David Begg: ‘If the Government wants to reconsider my appointment, I have no problem with it’
Former ICTU General Secretary David Begg has said he would have “no problem” if the Government or the Oireachtas Committee want to reconsider his appointment to the Pensions Board.
In an interview on Morning Ireland today, David Begg said: “I have no problem if the Government want to rethink the situation.
"I won’t stand in the way of that. I have to appear in front of the Oireachtas Committee at the end of the month and if they have reservations about my appointment, I will acknowledge that.
“I will not force my way into the job. It is not a job I would have applied for if I saw it in the paper, but I am honoured to have been asked.
“If they want to get someone else for the job, there will be no offence taken by me.”
Yesterday it emerged that the Tánaiste Joan Burton personally approached former trade union boss David Begg to offer him a €20,520-a-year job on a State board, the Irish Independent has learned.
Mr Begg never sought the position as chairman of the Pension Authority and says he is unlikely to have ever applied for such a role. However, he defended his decision to accept it after being sought out by Ms Burton, adding: "It's not exactly a crock of gold associated with it."
Ms Burton came under fire within her own party yesterday for bypassing the normal process which is run through the Public Appointment Service.
The Labour Party leader used a little-known clause to decide that Mr Begg, who retired as general secretary of the Irish Congress of Trade Unions (ICTU) last year, was "evidentially and objectively highly qualified" for the job.
Waterford TD Ciara Conway infuriated some senior party figures after she publicly stated that she believed Ms Burton had broken the rules. "Even as someone in Government, even as someone in my own party, why set a rule and then break it?" said Ms Conway.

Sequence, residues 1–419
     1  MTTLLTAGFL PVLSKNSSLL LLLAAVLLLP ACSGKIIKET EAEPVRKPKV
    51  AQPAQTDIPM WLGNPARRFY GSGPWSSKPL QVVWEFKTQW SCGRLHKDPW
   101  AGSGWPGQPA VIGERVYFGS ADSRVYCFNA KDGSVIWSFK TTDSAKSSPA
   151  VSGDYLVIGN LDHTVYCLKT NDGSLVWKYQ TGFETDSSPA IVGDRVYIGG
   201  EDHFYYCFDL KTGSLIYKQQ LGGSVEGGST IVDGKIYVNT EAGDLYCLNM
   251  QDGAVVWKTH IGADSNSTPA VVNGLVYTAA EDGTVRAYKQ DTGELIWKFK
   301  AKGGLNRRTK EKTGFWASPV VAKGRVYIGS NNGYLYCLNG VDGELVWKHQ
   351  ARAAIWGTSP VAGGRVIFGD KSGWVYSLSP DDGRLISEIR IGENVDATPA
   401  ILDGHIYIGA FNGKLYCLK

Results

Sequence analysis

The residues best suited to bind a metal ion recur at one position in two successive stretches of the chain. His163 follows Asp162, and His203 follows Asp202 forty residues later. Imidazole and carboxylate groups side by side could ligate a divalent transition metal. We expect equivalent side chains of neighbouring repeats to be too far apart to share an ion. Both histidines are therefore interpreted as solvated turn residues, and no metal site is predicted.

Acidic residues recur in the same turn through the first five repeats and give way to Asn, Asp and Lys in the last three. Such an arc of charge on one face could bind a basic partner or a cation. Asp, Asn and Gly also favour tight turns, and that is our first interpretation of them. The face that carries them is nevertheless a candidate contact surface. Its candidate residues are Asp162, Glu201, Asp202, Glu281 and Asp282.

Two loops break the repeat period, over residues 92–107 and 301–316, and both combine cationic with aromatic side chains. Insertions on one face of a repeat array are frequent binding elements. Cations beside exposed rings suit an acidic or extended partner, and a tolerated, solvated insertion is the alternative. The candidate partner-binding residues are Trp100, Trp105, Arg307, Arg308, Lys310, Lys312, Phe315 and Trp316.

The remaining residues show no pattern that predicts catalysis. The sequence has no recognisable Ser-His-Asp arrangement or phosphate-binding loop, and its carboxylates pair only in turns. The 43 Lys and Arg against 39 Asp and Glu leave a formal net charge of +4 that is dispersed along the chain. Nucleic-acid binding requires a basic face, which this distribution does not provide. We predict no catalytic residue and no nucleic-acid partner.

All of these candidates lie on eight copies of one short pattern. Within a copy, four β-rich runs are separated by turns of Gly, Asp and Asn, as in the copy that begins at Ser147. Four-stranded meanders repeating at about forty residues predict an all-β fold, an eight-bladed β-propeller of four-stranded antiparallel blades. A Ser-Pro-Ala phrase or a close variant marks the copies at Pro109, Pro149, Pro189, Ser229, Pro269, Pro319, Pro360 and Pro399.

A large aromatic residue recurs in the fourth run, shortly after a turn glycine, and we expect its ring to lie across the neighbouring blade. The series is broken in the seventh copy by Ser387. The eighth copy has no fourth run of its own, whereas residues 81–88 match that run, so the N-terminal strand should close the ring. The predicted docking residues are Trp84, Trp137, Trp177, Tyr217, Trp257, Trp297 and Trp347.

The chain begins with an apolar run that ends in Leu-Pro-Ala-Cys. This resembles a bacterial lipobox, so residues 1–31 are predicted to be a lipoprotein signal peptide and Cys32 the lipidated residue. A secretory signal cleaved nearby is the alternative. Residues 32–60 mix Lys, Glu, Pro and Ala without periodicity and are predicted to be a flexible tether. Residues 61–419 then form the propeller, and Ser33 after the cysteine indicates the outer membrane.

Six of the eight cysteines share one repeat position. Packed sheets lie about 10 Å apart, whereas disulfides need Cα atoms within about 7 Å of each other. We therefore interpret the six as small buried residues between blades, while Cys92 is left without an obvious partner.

Last night, Labour parliamentary party chairman Jack Wall said he would facilitate a discussion on Ms Burton's decision at next week's meeting of the parliamentary party.
"We don't take comments made by people such as Ciara Conway willy nilly," he said.
Dublin Mid West TD Robert Dowds said he believed these sort of appointments required complete transparency.
"I have sympathy with what Ciara said. The more transparency and openness in relation to the process, the better," he said.
Clare TD Michael McNamara said it was clear Mr Begg was highly qualified, adding: "I don't know why the application didn't go through the appropriate channels."
Mr Begg (63) has not yet received a formal letter of appointment but last night he was listed on the Pension Authority website as its chairman.
He told the Irish Independent he did not seek out the job. He was approached by Ms Burton six weeks ago.
"I wasn't looking for a job. I'm working for TASC and in with Barnardos. I didn't seek it out," Mr Begg said. Asked about the accusations of cronyism now facing Ms Burton, he replied: "Obviously that occurred to me. I asked about that."
He said the legislation that allowed for his appointment was passed through the Oireachtas last year.
"Surely the thing to do would have been to challenge the legislation in the Oireachtas," he said. "People want to have a go at me. I suppose I've set myself up for that with the things I've done over the years. I'm the guy in the middle of it," he added.
Sinn Féin deputy leader Mary Lou McDonald said the appointment undermined the body politic. "Joan Burton's decision to bypass the public appointments process and award a plum job to David Begg in the twilight of her party's term in Government is a timely reminder to voters that political cronyism is alive and kicking in the Labour party," Ms McDonald said.
A spokesman for Ms Burton said Mr Begg would prove "invaluable in identifying strategic opportunities as well as developing solutions to the complex challenges currently facing the pensions sector".
He will sit on the board with just two other people, an official from the Department of Social Protection and an official from the Department of Finance.